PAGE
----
And no, we’ve been over the journey times and capacity issues previously. Light Rail can be expanded to have higher capacity than buses but that isn’t what is proposed. And the journey time is slower no matter which way you want to spin it.

Yet another nutty ACT Government project. They should admit that it’s all about money. The money from extra buildings where the traffic loops are.

A better solution would be the tram goes single line each way at the Northbourne-London Circuit intersection. Southbound to the left. Its going to be battery powered there to the lake, so no overhead wires need to be replicated, just lay the tracks. Then the southbound track can simply run around London Circuit and up the same on-ramp that cars and buses use. The advantage here is that the tram tracks along the kerb, making boarding and alighting easier than tracks in the median strip. This would also mean not having to rip out the wonderful Cedar trees in Commonwealth Avenue. The tram to Woden could also keep in the roadway all around Parliament House and into Adelaide Avenue.

Northbound traffic from Woden could also stay in the traffic lane down Commonwealth Avenue, over the bridge, down a ramp into London Circuit West and then Northbourne Avenue.

“Mr Steel said raising London Circuit would turn a busy and hard-to-navigate road interchange into a more people-friendly place for pedestrians, cyclists and public transport.”

While I agree the interchange will be far more people friendly and opening up city hill is nice. The existing London Circuit is one of the most efficient interchanges in the city, the idea that this will make it less busy is a joke! This project will make traffic at that intersection a nightmare.

Essentially, this project will make London Circuit a much nicer place… if you can even stomach getting there!

Incompetence or corruption? Pick your option. NCA is becoming just as useless as ACTPLA in just blindly ignoring all the valid objections about the plans.

I’d love to hear what you think these valid objections to the plan are?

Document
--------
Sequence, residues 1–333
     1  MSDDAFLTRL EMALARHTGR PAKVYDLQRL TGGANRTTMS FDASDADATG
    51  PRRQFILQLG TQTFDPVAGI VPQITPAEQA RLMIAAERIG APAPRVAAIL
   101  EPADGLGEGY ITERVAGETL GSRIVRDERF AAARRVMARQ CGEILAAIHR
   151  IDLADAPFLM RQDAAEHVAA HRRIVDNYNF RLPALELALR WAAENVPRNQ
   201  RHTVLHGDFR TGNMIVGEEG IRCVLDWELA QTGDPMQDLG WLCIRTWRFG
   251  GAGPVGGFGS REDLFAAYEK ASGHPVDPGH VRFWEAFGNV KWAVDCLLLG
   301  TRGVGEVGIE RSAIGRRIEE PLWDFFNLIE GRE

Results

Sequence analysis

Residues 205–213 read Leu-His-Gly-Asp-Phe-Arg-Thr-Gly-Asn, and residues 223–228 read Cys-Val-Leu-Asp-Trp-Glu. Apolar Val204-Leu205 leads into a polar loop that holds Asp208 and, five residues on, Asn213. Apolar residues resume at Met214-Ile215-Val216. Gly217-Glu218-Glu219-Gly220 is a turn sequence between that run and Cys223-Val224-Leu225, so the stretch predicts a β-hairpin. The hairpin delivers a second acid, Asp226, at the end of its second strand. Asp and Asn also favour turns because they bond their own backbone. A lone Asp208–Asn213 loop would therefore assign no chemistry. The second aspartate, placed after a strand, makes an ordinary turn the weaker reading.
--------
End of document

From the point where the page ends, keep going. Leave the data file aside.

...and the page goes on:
Be sure to make specific references to the National Capital Plan and the areas within the NCAs remit.

thatsnotmyname4:34 pm 30 Mar 22

Very exciting and in my personal opinion it will be all worth the disruption.

ChrisinTurner10:12 am 31 Mar 22

Even if the tram will take twice as long to travel from Civic to Woden?

“Only 18 of the 126 submissions supported the proposal; 96 opposed it, with 12 others with mixed or neutral views” and ….it all goes ahead anyway. Why bother consulting when our Overlords have already decided what is best for us? Good thing I won’t be travelling into Civic it will be a dogs breakfast.

To be fair, the submissions in opposition don’t bring up any fundamental planning issues that would stop the project.

It was the same for the recent opposition to the War Memorial upgrade.

And we all get a chance to make our feelings known on any project. At election time.

Most people don’t have the resources to authoritatively oppose such a proposal. I’ve heard from a reliable source that the government’s own model indicates the traffic impact will be ‘a disaster’, and indeed the consultants modelling show significant impacts under the most locations likely scenarios. This is especially true with the deliberate omission of slip lanes for left turners that is a strong feature of this government’s road designs, an inefficient arrangement unstatedly intended to deter plebs like me from using our cars

Yet a simple assertion along these lines carried no weight and hardly anyone has the resources to get independent modelling to provide a different authoritative perspective to the government’s own which inevitably tells them what they want to hear.

Not commenting on the merits of the decision, but the numbers of submissions for and against isn’t a measure of support. By its nature people opposed to something are more likely to write in. The other issue is that just opposing or supporting the proposal is not relevant to the NCAs consultation, when they consult they are asking for arguments based on planning legislation as to why or why not the proposal should be approved. A letter saying I support this or I do not support this would have no weight.

Love to see the crossover of people objecting who also have membership of the ‘Guardians of the Lake’

All projects get more objections than support. People love a whinge.

Problem of course for people such as yourself and BD84 above who equate opposition with evidence so something needs to be stopped as a result is usually the opposition isn’t as widespread and as Chewy has pointed out a project cannot only be rejected on specific reasons related to the planning rules. If they were to overturn on opposition alone then that would be a distortion of planning.

“…..deter plebs like me from using our cars”. Interesting comment because that is the plan in the Greens recent transport proposal. Reduce congestion by removing the road that is congested.